Tepid reflex to Dalit concerns

THE Supreme Court may have the word ‘supreme’ in its name but it is not supreme in our constitutional setup. Nor have we accepted the British concept of ‘supremacy of Parliament’.

Tepid reflex to Dalit concerns

FIGHT FOR RIGHT: NRCB data shows that false cases have declined under the Act.

Faizan Mustafa

Faizan Mustafa
VC, NALSAR University of Law

THE Supreme Court may have the word ‘supreme’ in its name but it is not supreme in our constitutional setup. Nor have we accepted the British concept of ‘supremacy of Parliament’. The Constitution alone is supreme and all authorities must honour the boundaries of their powers as defined by it. Thus innumerable judgments given by the apex court have been overturned by Parliament such as Shah Bano, Vodaphone, enemy property, Jallikattu and minority character of AMU. In fact, the first constitutional amendment was passed to undo the apex court’s judgment in Dorairajan (1950) where the court had quashed communal reservation in Madras. Several constitutional amendments were subsequently passed to overturn judgments on the question of ‘promotion’ in reservations.

On March 20, a two-judge Bench of the court issued guidelines that (i) no FIR be registered without a preliminary probe by the investigating officer, (ii) no one is to be arrested without the approval of appropriate authority and, (iii) an accused is eligible for anticipatory bail.

The Lok Sabha has now amended the SC/ST Act by inserting a new clause — Section 18 A — negating the Supreme Court’s judgment on both the registration of FIR as well as arrest. The statement of the SC&ST Bill clearly recalls the special nature of the 1989 Act and apex court’s judgment and then refers to the CrPC which mandates the registration of FIR without any preliminary inquiry and gives power to the investigating officer to arrest an accused if he has reason to suspect commission of crime by him.

But Parliament cannot simply undo the judgment. It has to do more. It has to remove the ‘very basis’ of the judgment. In Utkal Contractors (1987), the apex court agreed that rendering judicial judgment ineffective through legislative powers by removing the basis of judgment is a well-known pattern of all validating laws. In Prithvi Cotton Mills (1969), the Supreme Court again upheld the exercise of legislative power and admitted that it is not in dispute that legislature can pass a validating statute even with retrospective effect.

What was the basis of the Supreme Court’s judgment that Parliament did not remove in this Bill? On the basis of few isolated earlier High Court judgments, Justice Goel and Justice Lalit had concluded that ‘We have seen working of Prevention of Atrocities Act over the last three decades and its abuse has been judicially acknowledged’.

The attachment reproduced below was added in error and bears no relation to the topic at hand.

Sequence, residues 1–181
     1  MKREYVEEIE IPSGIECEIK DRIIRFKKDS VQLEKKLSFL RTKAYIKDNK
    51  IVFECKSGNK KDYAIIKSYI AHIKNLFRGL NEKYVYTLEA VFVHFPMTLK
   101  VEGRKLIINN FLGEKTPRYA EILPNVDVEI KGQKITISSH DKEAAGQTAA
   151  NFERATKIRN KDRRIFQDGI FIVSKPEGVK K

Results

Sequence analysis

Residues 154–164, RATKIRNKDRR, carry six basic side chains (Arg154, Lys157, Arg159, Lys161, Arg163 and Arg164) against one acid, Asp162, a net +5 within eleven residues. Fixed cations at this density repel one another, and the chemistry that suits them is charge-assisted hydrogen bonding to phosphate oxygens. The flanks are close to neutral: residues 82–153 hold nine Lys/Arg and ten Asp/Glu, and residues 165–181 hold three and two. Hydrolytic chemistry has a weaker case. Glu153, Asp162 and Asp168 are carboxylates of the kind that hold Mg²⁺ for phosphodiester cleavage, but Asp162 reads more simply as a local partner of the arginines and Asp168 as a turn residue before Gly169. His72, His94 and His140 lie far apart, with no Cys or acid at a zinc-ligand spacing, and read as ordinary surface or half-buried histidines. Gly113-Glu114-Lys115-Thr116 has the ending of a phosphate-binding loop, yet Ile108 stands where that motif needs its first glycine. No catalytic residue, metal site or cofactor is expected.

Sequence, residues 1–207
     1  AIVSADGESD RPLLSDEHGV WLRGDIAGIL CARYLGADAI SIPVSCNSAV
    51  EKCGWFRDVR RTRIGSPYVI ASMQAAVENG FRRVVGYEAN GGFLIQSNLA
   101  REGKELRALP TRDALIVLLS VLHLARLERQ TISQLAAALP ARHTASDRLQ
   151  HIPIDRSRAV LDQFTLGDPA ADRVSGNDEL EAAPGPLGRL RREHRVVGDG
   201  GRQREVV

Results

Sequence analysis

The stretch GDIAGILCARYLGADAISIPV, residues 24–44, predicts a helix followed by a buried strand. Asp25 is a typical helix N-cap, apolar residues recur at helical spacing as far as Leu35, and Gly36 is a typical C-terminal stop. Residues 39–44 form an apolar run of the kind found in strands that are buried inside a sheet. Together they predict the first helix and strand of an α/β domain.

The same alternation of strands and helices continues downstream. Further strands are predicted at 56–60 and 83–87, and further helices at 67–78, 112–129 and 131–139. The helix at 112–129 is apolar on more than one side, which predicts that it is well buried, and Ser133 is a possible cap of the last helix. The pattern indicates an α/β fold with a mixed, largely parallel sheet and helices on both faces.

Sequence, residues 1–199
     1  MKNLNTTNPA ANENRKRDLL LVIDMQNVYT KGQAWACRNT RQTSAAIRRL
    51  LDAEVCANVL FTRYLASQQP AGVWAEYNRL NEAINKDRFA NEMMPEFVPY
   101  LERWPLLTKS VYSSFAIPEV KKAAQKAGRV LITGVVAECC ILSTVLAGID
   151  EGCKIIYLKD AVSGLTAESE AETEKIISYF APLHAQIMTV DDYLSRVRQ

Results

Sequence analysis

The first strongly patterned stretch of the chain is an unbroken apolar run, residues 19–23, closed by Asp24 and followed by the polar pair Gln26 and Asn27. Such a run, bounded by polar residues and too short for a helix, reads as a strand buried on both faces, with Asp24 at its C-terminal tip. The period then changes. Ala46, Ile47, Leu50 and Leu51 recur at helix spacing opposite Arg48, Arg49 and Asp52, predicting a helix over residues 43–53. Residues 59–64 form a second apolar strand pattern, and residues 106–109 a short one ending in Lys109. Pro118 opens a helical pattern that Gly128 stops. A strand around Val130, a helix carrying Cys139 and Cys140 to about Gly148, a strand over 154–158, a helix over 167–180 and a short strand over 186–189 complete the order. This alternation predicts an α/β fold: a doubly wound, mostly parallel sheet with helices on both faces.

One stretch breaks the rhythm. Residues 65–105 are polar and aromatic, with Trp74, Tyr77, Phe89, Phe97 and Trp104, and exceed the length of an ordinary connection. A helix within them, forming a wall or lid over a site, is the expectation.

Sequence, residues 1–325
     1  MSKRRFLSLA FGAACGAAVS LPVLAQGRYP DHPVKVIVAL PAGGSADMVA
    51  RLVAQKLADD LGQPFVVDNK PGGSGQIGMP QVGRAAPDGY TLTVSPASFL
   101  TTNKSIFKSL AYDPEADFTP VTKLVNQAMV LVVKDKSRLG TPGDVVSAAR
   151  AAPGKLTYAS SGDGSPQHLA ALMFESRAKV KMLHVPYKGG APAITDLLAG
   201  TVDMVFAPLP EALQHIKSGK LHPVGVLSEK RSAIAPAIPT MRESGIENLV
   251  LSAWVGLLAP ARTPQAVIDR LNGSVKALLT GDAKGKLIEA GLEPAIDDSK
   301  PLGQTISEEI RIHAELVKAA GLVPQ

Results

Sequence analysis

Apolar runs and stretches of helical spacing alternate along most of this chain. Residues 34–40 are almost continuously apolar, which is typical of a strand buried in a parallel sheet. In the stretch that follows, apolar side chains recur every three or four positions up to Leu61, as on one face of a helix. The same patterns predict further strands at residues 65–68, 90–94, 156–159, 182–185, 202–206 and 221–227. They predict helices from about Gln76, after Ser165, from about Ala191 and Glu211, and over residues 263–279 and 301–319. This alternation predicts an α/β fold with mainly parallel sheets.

The Bill should have stated that court judgments are not a substitute to authentic empirical research. Similarly, the Statement of Objects and Reasons should have mentioned the real reasons overlooked by the court: poor investigation, absence of effective witness protection schemes and faulty prosecution.

The minister who introduced the Bill admitted in the Lok Sabha that the SC/ST Act had been abused only in 12 per cent of the cases. He should have said the decline in conviction rates has created a wrong impression about its abuse. In fact, NRCB data indicates that number of false cases has declined over time (2009-2015). In any case, comparing the conviction of hate crimes under the Act with ordinary crimes is absurd and irrational.

The Bill is also defective as it does not use ‘notwithstanding any judgment or order or direction of any court’ expression for the entire Bill but only for anticipatory bail. Since Justice Goel has said the protection of citizen’s liberty under Article 21 is the foremost duty of the court, the Bill should have said anticipatory bail is not a fundamental right; it is merely a statutory right introduced in the new CrPC 1973. In any case, it is an exception and not a rule; several states do not have it even for ordinary crimes.

The Bill should have said courts do not have legislative powers and must respect separation of powers. The Supreme Court can lay down guidelines only in cases of legislative gaps. For instance, it was right in laying down guidelines on sexual harassment, khap panchayats and mob lynching. But where the field is occupied by a parliamentary legislation, the judiciary is bound by the text of law though it can examine the constitutionality of such a law. The Bill should have responded to court’s anxiety about false cases. It should have said Indian Penal Code provides adequate protection against false complaints and malicious prosecution and since under the SC/ST Act, investigation is to be done by senior police officers, there is no need for diluting the Act.

Thus the Bill looks like a half-hearted response to Dalit concerns. It has failed in clearly removing the basis of Justice Goel’s judgment and thus can be struck down as the court may treat it as an act of ‘brazen overruling’. The government’s refusal in accepting the Opposition’s demand of saving it from judicial scrutiny by inserting it in IX schedule makes it further vulnerable. Loss of upper caste votes in 2019 could have been the reason of the government’s refusal.


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